Based on the recently acquired journals of Texan Dale S. Rogers, this vintage horror tale from IFC Films debunks history books to tell the veracious, harrowing story of a rural Texas ...
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A gut-wrenching, non-stop roller coaster ride through the hellish underbelly of inner-city America. A birthday celebration at an upscale restaurant sets in motion events that bring Sissy, ... See full summary »
Derek Lee Nixon
University of Texas student Duane Graves chronicles his charismatic childhood chum Rene Moreno, a San Antonio native with Down Syndrome, in this playful, stirring, remarkably unique portrait documentary.
A father, his son and two old friends arrive at an isolated family cabin for a weekend of hunting. A trip deep into the forest looking for wild game uncovers a tribe of Sasquatch that are determined to protect their land.
Bill Oberst Jr.,
One of the many notorious 70's "unknown" documentaries, The Mysterious Monsters covers topics such as Bigfoot and the Loch Ness Monster. Pictures, sounds, and videos of these two monsters ... See full summary »
Pursued by a dark and ancient force of nature, a group of escaped outlaws must join forces with those who hunt them to fight their way out of a forbidden and feared valley deep in the Australian wilderness.
Stranded in the Lake District, Will and Harvey spend their time tricking the locals into believing that Bigfoot is real, equipped with nothing but a cheap costume. The locals fall for it and hire a hunter to kill the beast.
On March 2, 2003 Crypto zoologist, Carter Wells and his brother, camera operator Justin Wells left home for the Widjigo Woods to film a documentary about a legendary creature who inhabited these woods. They were never seen again.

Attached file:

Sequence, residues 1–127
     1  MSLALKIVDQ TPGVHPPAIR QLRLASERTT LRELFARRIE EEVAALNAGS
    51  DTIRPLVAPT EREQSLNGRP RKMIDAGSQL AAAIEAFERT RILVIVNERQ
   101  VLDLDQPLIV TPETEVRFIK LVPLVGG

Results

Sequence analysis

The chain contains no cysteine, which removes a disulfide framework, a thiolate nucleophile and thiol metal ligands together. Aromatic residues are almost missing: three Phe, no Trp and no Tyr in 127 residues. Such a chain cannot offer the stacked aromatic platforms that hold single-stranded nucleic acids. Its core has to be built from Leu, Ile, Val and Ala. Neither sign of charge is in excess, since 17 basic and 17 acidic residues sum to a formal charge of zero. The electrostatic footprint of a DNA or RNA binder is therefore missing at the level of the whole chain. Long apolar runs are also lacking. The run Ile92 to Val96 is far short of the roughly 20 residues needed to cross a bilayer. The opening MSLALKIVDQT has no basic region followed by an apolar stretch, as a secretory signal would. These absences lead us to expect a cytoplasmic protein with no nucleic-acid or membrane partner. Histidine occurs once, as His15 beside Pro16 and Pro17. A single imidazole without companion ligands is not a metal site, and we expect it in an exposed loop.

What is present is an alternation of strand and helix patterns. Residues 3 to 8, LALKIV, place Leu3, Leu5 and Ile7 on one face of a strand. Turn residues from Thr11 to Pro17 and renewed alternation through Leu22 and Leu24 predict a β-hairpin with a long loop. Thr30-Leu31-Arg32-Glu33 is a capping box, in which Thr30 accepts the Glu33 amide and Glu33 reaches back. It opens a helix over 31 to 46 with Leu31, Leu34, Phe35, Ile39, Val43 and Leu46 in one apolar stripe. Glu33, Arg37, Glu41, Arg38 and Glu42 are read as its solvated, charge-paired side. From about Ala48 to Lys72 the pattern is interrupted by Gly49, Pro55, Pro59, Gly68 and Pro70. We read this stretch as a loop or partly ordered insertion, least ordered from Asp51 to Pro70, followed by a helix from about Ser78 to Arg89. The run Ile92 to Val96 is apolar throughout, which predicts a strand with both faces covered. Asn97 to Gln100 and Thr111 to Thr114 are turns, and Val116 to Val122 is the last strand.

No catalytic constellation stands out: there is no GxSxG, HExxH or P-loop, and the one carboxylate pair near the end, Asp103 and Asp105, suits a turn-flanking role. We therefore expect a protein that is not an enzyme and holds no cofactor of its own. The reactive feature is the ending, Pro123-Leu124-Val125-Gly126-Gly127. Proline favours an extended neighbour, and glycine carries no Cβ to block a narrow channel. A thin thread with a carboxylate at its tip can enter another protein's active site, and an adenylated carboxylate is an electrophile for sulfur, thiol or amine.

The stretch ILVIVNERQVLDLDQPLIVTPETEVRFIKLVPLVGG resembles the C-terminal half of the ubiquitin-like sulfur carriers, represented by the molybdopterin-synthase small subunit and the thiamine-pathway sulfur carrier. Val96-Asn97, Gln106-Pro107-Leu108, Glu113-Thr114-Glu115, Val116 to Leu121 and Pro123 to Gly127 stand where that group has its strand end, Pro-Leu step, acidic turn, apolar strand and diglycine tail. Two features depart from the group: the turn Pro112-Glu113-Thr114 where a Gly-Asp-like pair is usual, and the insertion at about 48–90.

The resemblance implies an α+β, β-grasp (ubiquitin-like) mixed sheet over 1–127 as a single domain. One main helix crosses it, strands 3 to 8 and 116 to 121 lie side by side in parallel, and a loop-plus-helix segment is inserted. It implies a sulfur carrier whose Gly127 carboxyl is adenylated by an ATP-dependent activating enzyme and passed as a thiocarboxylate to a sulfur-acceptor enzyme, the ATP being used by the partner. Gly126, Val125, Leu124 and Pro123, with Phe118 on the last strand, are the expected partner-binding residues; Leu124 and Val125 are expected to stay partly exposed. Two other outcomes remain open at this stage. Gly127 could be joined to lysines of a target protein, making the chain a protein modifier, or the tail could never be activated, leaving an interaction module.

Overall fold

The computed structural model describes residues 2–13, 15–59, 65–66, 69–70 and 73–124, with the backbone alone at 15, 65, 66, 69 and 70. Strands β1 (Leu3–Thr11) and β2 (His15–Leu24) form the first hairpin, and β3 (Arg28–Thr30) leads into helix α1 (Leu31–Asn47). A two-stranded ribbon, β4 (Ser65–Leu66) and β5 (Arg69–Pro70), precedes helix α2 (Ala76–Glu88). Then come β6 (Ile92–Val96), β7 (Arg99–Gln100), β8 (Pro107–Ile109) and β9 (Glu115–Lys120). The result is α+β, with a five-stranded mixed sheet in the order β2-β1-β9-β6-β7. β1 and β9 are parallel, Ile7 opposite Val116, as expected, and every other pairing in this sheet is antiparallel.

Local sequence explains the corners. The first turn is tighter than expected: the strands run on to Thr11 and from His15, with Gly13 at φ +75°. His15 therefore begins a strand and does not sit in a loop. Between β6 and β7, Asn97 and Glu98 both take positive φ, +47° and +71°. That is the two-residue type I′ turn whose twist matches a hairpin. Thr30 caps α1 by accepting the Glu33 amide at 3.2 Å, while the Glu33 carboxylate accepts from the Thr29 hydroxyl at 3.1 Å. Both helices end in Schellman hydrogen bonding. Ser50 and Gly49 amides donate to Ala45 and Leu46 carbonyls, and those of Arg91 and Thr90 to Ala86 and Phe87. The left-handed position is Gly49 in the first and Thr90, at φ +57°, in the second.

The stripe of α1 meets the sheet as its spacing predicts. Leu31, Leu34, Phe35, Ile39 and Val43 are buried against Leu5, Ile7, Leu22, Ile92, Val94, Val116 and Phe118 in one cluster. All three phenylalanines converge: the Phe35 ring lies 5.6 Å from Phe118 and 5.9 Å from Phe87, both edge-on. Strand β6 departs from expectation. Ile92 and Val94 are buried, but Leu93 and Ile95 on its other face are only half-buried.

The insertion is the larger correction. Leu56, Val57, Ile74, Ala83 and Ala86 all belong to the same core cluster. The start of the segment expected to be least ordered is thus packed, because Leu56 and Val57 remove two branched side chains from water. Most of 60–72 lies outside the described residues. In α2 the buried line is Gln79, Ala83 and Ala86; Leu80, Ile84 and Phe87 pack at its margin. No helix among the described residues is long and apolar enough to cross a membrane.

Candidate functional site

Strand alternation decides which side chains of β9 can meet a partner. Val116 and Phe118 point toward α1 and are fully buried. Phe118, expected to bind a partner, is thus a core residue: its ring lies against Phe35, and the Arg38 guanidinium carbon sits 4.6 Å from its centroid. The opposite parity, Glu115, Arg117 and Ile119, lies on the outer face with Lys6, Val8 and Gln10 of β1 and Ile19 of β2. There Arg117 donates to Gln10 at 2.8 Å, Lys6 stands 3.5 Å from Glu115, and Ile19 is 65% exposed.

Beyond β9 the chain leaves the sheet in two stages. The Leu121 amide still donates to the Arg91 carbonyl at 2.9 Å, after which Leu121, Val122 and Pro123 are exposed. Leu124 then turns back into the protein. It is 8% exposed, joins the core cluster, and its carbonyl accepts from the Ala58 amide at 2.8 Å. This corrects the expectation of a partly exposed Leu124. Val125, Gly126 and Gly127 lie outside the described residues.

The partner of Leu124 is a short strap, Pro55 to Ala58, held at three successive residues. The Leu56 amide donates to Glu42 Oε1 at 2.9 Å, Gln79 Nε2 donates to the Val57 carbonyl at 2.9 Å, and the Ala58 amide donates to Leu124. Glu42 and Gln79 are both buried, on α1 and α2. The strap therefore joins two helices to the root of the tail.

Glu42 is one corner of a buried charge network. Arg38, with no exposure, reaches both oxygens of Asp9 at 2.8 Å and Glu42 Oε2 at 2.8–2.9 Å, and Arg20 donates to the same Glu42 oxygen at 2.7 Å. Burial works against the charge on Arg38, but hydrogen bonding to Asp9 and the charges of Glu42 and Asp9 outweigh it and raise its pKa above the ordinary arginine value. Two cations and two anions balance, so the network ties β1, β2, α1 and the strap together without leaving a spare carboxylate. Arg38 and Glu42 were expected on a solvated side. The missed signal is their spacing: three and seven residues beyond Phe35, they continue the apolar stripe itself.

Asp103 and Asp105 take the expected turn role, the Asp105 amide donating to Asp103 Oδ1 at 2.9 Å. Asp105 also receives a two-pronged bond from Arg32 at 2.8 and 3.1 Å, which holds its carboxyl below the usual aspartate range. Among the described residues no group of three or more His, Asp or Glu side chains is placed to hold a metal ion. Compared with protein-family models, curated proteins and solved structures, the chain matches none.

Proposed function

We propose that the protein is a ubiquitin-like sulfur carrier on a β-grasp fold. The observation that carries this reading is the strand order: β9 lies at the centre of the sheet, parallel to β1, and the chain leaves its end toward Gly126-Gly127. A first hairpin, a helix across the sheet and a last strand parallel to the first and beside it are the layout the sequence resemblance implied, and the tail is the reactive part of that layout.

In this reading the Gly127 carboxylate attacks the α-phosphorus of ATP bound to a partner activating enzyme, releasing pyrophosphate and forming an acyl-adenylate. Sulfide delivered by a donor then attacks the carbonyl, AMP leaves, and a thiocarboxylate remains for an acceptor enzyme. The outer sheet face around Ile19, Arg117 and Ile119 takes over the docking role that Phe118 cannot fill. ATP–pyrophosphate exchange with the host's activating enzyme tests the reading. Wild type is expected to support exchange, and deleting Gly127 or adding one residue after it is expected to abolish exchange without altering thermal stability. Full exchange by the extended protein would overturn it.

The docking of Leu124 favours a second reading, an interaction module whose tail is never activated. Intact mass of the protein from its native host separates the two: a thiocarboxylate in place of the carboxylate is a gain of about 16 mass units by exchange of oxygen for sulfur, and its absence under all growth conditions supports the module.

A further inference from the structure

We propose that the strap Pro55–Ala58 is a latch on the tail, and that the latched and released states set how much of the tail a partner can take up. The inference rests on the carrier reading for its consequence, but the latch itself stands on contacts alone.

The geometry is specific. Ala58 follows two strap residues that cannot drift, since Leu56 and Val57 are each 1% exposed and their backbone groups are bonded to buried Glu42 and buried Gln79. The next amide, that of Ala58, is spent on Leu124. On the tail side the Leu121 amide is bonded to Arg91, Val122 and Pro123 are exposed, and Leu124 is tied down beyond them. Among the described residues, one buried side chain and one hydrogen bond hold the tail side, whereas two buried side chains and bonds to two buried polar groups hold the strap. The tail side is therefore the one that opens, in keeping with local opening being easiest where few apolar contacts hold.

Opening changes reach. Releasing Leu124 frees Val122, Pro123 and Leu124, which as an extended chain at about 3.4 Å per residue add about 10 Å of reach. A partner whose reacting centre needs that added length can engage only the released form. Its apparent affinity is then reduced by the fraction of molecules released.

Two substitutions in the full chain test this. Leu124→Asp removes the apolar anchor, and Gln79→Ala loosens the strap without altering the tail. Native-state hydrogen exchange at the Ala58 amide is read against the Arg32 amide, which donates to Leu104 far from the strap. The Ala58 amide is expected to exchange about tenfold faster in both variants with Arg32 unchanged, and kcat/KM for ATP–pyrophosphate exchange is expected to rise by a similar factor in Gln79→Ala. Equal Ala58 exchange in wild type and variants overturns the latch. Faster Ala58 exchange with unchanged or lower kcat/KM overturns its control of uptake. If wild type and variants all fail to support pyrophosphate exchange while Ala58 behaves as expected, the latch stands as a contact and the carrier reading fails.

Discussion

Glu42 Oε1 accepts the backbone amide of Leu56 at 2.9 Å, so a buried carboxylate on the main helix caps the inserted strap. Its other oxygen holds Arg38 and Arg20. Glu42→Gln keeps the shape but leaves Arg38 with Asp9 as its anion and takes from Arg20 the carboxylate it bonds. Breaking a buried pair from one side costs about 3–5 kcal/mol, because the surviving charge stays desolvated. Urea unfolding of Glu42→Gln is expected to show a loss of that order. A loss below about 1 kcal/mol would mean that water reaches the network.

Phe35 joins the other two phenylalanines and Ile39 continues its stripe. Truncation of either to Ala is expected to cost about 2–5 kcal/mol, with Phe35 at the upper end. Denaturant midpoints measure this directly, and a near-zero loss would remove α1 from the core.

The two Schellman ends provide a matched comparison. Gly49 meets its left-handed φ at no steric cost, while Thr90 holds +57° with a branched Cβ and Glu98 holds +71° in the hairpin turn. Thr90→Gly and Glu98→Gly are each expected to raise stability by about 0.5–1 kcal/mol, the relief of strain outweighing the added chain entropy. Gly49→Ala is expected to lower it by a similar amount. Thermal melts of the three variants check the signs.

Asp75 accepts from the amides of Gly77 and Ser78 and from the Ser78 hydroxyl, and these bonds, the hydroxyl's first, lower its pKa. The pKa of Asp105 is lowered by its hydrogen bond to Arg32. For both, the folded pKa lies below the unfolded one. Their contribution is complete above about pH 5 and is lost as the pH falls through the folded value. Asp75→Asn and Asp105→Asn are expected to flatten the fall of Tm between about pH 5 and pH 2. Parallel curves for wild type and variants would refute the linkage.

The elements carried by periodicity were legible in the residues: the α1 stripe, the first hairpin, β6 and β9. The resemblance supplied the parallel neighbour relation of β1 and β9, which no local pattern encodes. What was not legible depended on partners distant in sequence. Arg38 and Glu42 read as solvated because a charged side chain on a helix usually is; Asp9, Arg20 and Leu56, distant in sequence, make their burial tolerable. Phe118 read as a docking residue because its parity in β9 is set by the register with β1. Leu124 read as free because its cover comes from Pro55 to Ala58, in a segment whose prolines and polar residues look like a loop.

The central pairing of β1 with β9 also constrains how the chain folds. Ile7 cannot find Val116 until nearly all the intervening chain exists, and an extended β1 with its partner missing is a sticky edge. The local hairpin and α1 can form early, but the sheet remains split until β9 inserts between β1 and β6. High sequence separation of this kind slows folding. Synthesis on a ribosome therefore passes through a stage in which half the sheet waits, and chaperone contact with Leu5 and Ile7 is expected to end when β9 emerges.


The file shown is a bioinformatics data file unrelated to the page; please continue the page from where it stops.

Michael Shane Leighton
Based on the recently acquired journals of Texan Dale S. Rogers, this vintage horror tale from IFC Films debunks history books to tell the veracious, harrowing story of a rural Texas community whose residents were terrified for years by a mysterious creature inhabiting the nearby woods. Written by
Several relics from co-producer Kim Henkel's original 1974 shocker The Texas Chain Saw Massacre (1974) were used in the making of this film including the now-infamous meat hook, as well as the front step of the Leatherface house and barn door (converted into a dinner table). See more »
See! I told you! That wasn't no bear I shot at. I ain't crazy. It was some sort of wild, crazy man out there. Some... half breed.
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The Wild Man of the Navidad is as authentic as a retro horror film can get. Every detail from the garish 'Tenocolour' opening credits, down to the local yokels delivering their stilted dialogue, seems to have been deliberately crafted to give the impression that one is watching an old school slasher film/public television documentary from the early 80s. The only reminder that one was watching a modern film was a hunter's wife wearing a noughties-style outfit halfway through the film. If it weren't for that detail, I would have doubted that I was watching a film from the 21st century.
Other reviewers critiqued the films flaws but to me it was obvious that these flaws are intentionally left in, because they add so much to the retro B-movie vibe. That the film isn't technically perfect just shows the film makers expertise in making retro films. I found the characters amusingly whacked-out and the Wild Man scenario a funny, bizarre variation on the Texan massacre theme. It wasn't the scariest film ever but the wild man attacks kept the action moving along at a fast pace.
So if you are in the mood for an twisted but fun little horror flick then The Wild Man of the Navidad is the movie for you.
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